Sometimes the truth needs a little help to come to light.
If you feel like a loved one is lying about something, this no nonsense approach will get them to confess. In the least, it will confirm your suspiscions and help you figure a way forward.
Privacy and food
Go alone and take them food. Three is a crowd and will make them feel cornered. The food will make you instantly likeable.
Step in their shoes
Leave the accusatory tone outside. Talk directly and quietly while acknowleding their predicament.
Ask them to help you understand, suing sincerity and sympathy to communicate your concern for them.
Recognise their willingness to engage with you.
‘Thank you for accepting to see me. I appreciate it. Thing is, some of what you’re telling me isn’t adding up. Help me understand what I’m missing’.
Maintain a monologue rather than asking them questions. This way you give the impression that you already know what is going on (or an idea at least).
Maintain the concern and genuine care even in this approach.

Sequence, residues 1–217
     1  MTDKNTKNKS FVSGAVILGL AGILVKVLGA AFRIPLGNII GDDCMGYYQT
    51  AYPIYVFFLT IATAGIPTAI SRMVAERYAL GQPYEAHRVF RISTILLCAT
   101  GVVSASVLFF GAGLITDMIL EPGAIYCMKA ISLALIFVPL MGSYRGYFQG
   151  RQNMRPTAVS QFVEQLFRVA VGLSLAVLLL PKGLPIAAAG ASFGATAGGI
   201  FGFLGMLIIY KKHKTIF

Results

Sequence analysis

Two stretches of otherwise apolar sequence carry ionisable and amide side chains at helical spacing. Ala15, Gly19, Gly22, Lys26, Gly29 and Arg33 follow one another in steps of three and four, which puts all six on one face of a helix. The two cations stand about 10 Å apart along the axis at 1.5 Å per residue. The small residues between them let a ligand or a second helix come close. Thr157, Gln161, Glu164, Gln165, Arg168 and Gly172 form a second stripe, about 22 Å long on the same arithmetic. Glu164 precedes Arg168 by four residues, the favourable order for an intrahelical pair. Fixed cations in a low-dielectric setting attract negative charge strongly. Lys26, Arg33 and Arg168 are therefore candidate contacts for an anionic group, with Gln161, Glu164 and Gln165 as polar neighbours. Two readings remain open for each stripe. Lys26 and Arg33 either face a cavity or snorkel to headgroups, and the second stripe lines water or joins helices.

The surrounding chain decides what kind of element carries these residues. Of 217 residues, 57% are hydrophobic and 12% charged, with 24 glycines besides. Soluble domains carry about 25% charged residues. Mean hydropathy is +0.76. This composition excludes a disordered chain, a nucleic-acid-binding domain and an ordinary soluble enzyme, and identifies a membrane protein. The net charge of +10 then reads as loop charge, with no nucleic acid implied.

Communicate your understanding for the circumstances that led them to their mistake.
Think about short-term resolutions
Bring the consequences to short-term. They are likely to withhold the truth if they think the consequences are going to be far-reaching.
Avoid using those potential long-term consequences to threaten them.
Use language and statements that will give them some security and save them humiliation or embarrasment.
After that, give them space to come clean. Keep reassuring them that a confession is the beginning of fixing the issue.
Dominate the conversation
After creating a safe and understanding atmosphere for them to tell the truth, prevent them from taking control of the conversation.
Use commanding body language like holding up your hand when you want them to stop talking.
Use their first name and revert to your monologue. Maintain the impersonal aproach of wanting to find out what happened so that you can fix it together.
Remember, the guilty party needs to feel understood because only then can they feel that they have been forgiven.